With Blake Griffin Down, It’s Time to See if the Pistons are For Real

With Blake Grifin out to begin the season, we will quickly learn how good the Pistons really are. Image: Julie Jacobson/Associated Press

News struck on Tuesday evening that Blake Griffin would miss the first week of the regular season, which starts on Wednesday for Detroit against the Indiana Pacers, and would not be re-evaluated until the first week of November. Griffin had appeared in just two preseason games for the Pistons as he had been dealing with left hamstring soreness. He had arthroscopic knee surgery on his left knee at the beginning of the offseason. In a medical update from the Detroit Pistons, the team said Griffin would not travel to Indiana due to left hamstring and posterior knee soreness. 

So rather quickly this season, we’ll find out everything we need to know about the Pistons. They went into July of 2019 having to find an answer to a rather tough question, given their financial situation. How can we (the Pistons) improve our team for the next season while lessening the burden from Blake Griffin who was worn down by April? 

With little cap space, the process began. And if you ask Ed Stefanski, Dwane Casey, or any other member of the front office, they’ll tell you that the offseason was a success. 

When talking at Media Day, a little less than a month ago, Stefanski said, “I think it (the roster) has gotten considerably better.” 

We will see how just how much of a success it is tomorrow. 

Did they improve the roster enough to win games without Blake Griffin? 

They’ll be facing a team that was able to win with their superstar out on the mend, as Indiana maintained the 5th seed in the Eastern Conference last season even after Victor Oladipo went down with a season-ending quad injury in January. He’ll be out tomorrow for the Pacers, as Griffin will for Detroit.

The burden for Griffin came mostly on the offensive end last season. He led the team in usage, field goal attempts, free throw attempts, points per game, and assists per game. He was fourth on the team in games played. He simply had to do way too much last season and when he went down at the end of the year there was little shock.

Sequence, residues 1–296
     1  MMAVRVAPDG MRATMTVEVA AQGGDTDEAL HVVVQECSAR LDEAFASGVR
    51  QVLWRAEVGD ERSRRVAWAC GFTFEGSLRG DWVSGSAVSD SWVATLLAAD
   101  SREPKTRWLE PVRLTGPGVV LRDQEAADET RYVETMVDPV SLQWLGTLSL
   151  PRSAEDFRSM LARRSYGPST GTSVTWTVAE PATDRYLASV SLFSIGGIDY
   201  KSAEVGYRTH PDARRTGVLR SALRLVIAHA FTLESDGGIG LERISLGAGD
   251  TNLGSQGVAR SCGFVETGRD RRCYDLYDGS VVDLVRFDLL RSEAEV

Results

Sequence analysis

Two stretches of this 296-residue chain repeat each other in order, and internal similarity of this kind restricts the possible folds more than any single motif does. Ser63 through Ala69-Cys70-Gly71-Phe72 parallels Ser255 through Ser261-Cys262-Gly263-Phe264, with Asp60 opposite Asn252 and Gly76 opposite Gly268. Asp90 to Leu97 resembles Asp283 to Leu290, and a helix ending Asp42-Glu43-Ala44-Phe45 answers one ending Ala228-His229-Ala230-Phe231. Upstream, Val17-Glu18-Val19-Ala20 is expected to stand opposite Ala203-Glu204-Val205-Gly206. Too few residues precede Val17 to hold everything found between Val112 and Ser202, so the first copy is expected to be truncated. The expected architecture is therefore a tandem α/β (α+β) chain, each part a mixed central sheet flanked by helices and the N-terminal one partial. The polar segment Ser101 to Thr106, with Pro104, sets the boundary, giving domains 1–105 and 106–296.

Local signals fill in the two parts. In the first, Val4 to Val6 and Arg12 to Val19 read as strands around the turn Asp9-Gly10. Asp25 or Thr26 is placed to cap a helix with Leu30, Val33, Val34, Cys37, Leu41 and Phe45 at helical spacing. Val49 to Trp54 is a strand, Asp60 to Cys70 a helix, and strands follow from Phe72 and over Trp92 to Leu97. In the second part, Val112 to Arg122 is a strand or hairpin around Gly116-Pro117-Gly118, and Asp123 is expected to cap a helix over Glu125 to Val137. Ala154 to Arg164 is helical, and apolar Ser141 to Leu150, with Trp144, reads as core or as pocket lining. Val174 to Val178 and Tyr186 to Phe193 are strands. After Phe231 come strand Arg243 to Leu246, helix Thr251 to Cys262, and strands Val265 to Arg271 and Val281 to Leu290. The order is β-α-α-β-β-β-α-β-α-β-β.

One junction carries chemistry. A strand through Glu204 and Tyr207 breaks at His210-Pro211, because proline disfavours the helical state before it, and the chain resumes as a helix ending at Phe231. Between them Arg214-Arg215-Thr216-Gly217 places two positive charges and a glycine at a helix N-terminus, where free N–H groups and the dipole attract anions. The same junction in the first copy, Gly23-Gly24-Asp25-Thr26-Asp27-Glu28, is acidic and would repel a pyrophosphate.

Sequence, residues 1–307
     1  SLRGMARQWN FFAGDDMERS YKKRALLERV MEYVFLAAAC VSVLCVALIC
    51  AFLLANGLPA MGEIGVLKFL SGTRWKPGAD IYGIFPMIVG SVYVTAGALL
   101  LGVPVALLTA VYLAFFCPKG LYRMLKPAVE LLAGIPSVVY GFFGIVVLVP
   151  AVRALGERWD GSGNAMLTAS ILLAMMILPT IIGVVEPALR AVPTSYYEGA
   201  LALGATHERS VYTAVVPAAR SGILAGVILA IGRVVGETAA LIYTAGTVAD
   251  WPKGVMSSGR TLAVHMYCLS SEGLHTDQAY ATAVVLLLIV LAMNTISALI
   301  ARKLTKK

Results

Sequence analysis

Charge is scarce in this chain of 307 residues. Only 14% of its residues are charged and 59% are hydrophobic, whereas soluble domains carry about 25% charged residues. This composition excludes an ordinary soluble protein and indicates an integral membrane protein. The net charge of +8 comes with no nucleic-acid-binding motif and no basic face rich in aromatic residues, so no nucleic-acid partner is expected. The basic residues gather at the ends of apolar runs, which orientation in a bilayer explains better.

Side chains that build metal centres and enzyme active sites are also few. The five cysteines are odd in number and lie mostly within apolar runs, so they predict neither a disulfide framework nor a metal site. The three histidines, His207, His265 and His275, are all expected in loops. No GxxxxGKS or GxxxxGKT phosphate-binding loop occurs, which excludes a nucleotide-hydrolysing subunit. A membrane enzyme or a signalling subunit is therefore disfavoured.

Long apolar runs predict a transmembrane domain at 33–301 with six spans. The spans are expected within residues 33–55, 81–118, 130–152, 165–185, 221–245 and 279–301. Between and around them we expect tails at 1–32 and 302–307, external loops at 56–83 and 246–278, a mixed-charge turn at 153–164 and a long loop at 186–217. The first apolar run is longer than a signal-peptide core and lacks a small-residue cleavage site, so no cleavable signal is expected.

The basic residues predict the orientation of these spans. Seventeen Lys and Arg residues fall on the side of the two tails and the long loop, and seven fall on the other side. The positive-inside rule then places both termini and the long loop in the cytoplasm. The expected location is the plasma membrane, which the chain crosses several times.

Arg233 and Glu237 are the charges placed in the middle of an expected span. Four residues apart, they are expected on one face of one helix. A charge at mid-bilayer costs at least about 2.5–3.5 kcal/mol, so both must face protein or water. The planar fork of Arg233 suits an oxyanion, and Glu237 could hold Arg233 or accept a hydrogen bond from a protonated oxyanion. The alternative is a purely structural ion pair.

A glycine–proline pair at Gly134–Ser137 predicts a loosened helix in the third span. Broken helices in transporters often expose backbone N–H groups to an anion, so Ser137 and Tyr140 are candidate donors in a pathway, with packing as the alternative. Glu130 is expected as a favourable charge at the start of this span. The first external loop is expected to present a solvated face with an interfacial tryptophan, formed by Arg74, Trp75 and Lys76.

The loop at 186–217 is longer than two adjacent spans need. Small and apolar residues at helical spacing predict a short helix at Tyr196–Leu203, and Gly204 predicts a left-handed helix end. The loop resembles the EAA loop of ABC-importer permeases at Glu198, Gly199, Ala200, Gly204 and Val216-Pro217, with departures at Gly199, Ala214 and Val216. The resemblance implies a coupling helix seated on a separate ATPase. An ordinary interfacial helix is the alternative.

The start of this season will be a test not only for the players, but for the front office as well. Opportunities will be plentiful. Markieff Morris, Christian Wood, and Thon Maker should all see an uptick in minutes with Griffin off the court. Andre Drummond, Reggie Jackson, Derrick Rose, Luke Kennard, and Tony Snell will be shouldered with the pressure of leading the offense for a full 48 minutes. There is no Blake Griffin to rely upon to put his head down and get a bucket when the offense goes stagnant for a full quarter’s length as it did at times last season. 

It seems likely that Markieff Morris will be tabbed as the opening night starter, if he’s even able to play himself. Morris is questionable to play tomorrow with low back tightness. He played 58 games last season, spending time with both the Washington Wizards and Oklahoma City Thunder, but missed time with various injuries. He had his least productive season in years in nearly every facet. Morris has a chance to rebound with Detroit. His brother, Marcus, catapulted his career with the Pistons when he was traded by the Phoenix Suns. While Morris is past the time to do that, he can show that he is still an effective player and an offensive weapon. 

Along with adding Morris, the Pistons added Derrick Rose, who, while he is no longer an elite player, still averaged 18 points per game last season and draws the defense’s attention. Tony Snell is a career 38% 3-point shooter and is the most talented small forward the Pistons have had on the roster since the first Morris brother. 

But Rose is bound to miss around 20 games per season. There’s a reason he signed to play in Detroit and will make less than $8 million a year. He is a good addition, who gives the Pistons a nice change of pace from Reggie Jackson, but he doesn’t solve the whole problem. Snell has never averaged more than 8.5 points per game in a season, and cannot be relied upon to be much more than a catch-and-shoot 3-point threat. 

Christian Wood, who earned Detroit’s final roster spot after an extremely productive preseason, could benefit the most from Griffin’s injury. If Morris can’t go, then Wood should be slated to start unless the Pistons go small. He was another addition by Stefanski, as a safety valve to the frontline should injuries occur or if Thon Maker wasn’t playing well. Wood has looked the part before, but he still had to fight his way onto Detroit’s roster. He’ll have to look the part once more. 

The Pistons have certainly added help, but is it enough? 

And while certainly mainstays in Reggie Jackson and Andre Drummond are expected to be the catalysts of the team in Griffin’s absence, they will surely need a great deal of help.

To say the Pistons will be just fine without Griffin for the first few weeks of the season would be just as foolish as the idea that Detroit should call the season before it even begins. If the Pistons can’t survive without Griffin for less than a month than the team should have been torn apart in the offseason. If the team’s success soley relies on Griffin, then this team isn’t good enough to even try to compete anyways. Griffin going down certainly impacts the team negatively, there is no doubt. He is the team’s best player by far. He is a proven star. Not having him on the court will hurt. 

But the front office prepared for this exact situation over the past three months. Didn’t they? 

All stats courtesy of Basketball-Reference

Featured Image: Raj Mehta/USA TODAY Sports


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